- Last Updated on 07:43 AM 03/06/13
- BY The Gazette-Virginian
Cheryl Watts of the Halifax County Humane Society told Halifax County Board of Supervisors the animal help organization cannot “rescue our way to a solution” Monday night during the board’s regular monthly meeting in Halifax.
According to Watts, the biggest program Halifax County is facing continues to be stray and homeless animals.
A single pair of animals could ultimately result in 9.8 million in only nine years, said Watts.
She told supervisors animal control officers received 2,255 calls for service in 2012, an increase of 85 from the previous year, seeing a total of 741 animals.
“The county must do something pro-active to keep the stray/homeless rates from rising even further,” she added.
“A good place to start would be significant increases for tags for an unneutered animal. The last time this was discussed years ago, the main objection was a supervisor who said his hunters would get mad and others who said some people just wouldn’t buy the tags. Responsible hunters would either fix their animals or pay a high fee. Irresponsible hunters would either pay the higher fee or get fined for no tags. I’d like to think that most hunters and other responsible citizens can see the importance of taking some kind of action,” she added.
In the past year, the Humane Society has had 21 dogs adopted, 269 cats adopted, 55 dogs transferred to another Virginia locality or facility, 342 dogs and one cat transferred to approved out-of-state facilities. It also has had 75 dogs and 136 cats surrendered by their owners, and five dogs and four cats die in the facility.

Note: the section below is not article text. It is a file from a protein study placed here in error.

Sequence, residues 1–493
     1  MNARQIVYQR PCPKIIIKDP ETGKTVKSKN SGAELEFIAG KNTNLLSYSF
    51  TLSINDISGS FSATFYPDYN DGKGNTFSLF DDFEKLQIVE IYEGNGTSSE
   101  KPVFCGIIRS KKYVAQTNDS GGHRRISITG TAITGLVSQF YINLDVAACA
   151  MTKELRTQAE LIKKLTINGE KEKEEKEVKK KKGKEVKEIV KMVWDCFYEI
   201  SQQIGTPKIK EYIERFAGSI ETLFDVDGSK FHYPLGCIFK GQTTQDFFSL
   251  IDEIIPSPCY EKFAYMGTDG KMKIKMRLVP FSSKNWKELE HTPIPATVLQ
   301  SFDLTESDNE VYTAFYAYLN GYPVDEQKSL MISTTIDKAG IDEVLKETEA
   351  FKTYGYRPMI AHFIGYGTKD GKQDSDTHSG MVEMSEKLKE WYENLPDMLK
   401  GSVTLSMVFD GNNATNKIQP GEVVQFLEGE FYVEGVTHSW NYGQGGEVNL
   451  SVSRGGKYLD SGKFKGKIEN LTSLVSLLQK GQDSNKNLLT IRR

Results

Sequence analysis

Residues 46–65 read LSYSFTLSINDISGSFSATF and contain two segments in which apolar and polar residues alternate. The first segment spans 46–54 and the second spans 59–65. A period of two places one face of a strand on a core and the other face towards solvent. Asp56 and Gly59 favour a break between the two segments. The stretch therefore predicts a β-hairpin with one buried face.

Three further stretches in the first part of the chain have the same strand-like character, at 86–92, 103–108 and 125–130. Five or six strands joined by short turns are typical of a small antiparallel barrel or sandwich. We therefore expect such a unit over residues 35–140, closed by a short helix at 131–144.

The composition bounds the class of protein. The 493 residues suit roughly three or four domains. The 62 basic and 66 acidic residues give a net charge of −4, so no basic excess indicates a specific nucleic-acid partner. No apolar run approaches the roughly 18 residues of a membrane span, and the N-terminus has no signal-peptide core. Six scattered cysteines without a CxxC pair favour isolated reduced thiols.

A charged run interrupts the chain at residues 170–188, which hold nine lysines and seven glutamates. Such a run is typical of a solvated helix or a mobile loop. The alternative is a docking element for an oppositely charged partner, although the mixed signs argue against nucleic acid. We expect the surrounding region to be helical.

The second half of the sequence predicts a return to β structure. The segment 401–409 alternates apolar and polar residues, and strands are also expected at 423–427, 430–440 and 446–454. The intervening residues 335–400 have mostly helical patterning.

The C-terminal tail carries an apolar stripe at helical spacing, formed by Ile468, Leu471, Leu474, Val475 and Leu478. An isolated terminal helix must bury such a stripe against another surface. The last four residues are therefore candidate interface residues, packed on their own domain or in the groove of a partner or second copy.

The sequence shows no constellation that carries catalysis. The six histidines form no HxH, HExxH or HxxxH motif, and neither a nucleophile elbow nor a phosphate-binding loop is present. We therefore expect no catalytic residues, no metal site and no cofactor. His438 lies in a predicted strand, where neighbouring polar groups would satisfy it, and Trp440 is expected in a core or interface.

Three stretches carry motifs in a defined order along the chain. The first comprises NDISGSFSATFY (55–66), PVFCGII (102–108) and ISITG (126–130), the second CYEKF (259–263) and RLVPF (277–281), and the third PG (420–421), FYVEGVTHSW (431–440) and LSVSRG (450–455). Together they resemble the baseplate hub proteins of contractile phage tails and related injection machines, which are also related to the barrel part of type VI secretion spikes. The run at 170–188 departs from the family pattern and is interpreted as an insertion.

Other facilities that received the animals were Homeward Trails Animal Rescue in Arlington, Capital Area Rescue Effort in Sandston, Beagle Rescue, Education and Welfare of Northern Virginia of Alexandria, and out of state facilities in New Jersey, Maryland, Pennsylvania, Georgia and Connecticut.
With the larger number of animals, the society dealt with even greater expenses.
“We reached a crisis level twice, but public appeals brought response to keep us afloat,” Watts said.
After deducting reimbursements of $2,631.62 from rescue groups to which the animals were sent, Watts said expenses totaled $41,403 last year, translating to about $55 per animal.
The society’s largest expenses include veterinarian care at $29,133 and gas for transports at $4,111.90. The two totals account for approximately 73 percent of the organization’s total expenses, she added.
“Our over population of strays and homeless grows larger every year. No matter how hard we work or how successful our program is, Halifax County can not rescue its way to a solution,” Watts concluded.